Tourist cards: Available only to people entering Mexico on vacation, for reasons of health, or to engage in scientific, artistic or sporting activities which are neither remunerative nor lucrative. Valid for the holder only. Other persons (including minors) travelling on the same passport must have their own card. The card is a single-entry document and is issued free of charge. The Consular office retains the right to request further evidence of the applicant's intention to visit Mexico as a tourist whenever such intention has not been established to the Consul's satisfaction. The same right applies with regard to evidence of the applicant's financial means to sustain him/herself while in Mexico.

Note: (a) Visitors eligible for Tourist Cards (see below) can be issued with Tourist Cards by any Mexican Consulate, on board the plane or at the point of entry in Mexico. (b) Tourist Cards must be kept by the visitor during the entire length of stay as they will have to be presented and stamped on leaving.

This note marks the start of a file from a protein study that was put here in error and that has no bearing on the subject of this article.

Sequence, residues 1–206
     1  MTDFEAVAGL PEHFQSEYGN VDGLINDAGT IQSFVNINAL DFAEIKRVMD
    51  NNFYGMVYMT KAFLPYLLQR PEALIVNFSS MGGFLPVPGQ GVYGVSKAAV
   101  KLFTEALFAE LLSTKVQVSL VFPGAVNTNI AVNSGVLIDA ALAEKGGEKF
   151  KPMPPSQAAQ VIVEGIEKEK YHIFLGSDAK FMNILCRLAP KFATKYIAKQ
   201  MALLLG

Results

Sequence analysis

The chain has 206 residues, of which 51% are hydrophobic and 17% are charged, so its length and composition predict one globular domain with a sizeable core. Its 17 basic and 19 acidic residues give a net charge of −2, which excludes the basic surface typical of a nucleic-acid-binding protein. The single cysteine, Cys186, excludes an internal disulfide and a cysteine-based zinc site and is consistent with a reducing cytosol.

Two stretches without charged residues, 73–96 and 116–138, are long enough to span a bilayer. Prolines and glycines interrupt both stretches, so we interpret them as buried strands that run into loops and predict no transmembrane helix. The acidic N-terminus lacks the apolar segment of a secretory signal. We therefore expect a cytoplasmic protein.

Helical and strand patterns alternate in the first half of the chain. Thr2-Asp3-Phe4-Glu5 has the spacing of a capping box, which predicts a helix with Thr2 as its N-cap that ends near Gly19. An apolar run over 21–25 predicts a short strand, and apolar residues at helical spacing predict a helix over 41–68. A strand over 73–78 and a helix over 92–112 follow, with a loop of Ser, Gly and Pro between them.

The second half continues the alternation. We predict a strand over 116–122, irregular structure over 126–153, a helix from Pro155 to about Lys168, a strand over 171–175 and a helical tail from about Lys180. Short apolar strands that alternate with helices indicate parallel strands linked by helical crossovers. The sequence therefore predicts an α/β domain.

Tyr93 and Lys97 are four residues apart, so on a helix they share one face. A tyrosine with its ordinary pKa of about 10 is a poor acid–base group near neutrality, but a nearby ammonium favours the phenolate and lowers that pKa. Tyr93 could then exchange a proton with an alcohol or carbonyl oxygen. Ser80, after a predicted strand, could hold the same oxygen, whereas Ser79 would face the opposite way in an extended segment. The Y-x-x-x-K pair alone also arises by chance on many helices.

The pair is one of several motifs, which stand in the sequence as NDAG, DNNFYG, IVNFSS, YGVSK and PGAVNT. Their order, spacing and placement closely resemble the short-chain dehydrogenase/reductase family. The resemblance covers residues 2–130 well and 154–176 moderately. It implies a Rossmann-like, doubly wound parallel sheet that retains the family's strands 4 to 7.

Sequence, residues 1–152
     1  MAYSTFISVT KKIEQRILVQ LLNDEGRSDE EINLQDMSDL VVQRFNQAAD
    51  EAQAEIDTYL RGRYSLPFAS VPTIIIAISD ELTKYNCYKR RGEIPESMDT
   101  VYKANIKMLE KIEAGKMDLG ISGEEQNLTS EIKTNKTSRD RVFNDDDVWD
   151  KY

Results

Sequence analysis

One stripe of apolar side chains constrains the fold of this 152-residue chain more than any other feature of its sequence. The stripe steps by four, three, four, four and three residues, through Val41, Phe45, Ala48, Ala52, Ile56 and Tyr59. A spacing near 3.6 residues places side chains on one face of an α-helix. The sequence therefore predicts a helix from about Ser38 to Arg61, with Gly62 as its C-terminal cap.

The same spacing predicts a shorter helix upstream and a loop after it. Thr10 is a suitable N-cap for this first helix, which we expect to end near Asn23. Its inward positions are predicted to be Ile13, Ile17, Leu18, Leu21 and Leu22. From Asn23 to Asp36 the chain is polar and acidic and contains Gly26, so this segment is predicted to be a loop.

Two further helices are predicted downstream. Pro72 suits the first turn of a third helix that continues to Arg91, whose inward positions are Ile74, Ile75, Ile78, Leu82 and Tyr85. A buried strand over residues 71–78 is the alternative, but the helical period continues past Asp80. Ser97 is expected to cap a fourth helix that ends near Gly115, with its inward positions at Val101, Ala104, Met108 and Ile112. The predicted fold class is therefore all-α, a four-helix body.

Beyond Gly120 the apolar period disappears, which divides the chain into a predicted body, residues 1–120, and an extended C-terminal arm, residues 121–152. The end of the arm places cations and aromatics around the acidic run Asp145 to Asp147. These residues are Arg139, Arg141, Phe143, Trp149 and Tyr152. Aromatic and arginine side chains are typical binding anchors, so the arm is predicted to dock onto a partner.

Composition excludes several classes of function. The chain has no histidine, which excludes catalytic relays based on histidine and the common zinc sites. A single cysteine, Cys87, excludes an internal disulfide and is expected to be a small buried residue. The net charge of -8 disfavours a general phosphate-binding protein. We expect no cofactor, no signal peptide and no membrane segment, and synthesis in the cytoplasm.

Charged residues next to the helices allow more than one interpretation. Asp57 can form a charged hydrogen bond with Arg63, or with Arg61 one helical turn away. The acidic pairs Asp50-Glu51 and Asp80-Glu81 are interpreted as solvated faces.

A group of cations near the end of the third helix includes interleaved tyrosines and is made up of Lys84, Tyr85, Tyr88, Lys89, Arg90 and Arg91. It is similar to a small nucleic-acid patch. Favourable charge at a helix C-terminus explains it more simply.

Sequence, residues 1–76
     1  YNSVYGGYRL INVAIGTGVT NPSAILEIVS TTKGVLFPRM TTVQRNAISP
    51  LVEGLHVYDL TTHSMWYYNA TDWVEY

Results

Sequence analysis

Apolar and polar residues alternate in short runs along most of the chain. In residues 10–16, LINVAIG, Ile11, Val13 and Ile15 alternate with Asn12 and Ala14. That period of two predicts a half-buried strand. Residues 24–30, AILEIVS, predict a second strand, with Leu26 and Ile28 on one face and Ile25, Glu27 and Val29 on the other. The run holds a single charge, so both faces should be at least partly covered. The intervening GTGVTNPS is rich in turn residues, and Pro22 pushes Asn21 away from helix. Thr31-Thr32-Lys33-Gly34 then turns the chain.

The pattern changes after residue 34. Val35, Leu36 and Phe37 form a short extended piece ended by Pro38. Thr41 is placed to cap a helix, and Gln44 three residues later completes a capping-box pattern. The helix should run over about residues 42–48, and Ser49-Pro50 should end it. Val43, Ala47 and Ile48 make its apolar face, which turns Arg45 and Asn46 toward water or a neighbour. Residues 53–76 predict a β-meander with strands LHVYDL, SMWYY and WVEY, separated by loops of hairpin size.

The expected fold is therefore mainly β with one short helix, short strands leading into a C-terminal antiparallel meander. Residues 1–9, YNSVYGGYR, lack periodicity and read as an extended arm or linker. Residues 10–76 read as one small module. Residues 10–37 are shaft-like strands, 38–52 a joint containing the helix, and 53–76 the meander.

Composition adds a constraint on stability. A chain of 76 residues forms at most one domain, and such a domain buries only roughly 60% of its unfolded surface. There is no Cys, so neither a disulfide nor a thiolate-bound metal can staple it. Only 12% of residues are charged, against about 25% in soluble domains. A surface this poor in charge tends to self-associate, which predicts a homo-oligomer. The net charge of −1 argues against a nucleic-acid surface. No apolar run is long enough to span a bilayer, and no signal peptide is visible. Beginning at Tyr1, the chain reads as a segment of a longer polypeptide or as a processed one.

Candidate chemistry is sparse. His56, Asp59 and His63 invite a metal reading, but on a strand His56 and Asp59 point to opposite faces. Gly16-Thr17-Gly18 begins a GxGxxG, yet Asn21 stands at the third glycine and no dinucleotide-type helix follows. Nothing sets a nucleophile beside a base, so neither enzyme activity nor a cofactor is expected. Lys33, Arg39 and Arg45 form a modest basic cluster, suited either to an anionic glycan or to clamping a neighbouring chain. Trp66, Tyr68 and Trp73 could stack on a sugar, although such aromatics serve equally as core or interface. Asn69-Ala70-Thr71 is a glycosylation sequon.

Nationals of the following countries are eligible for a Tourist card: (a) 1. EU countries for stays of up to 180 days (except nationals of Austria, France, Greece and Luxembourg who can stay for up to 90 days);
(b) 2. Australia, Canada, Japan and the USA for stays of up to 180 days;
(c) Andorra, Argentina, Bermuda, Chile, Costa Rica, Hungary, Iceland, Liechtenstein, New Zealand, Norway, San Marino, Singapore, Slovenia, Switzerland and Uruguay for stays of up to 180 days;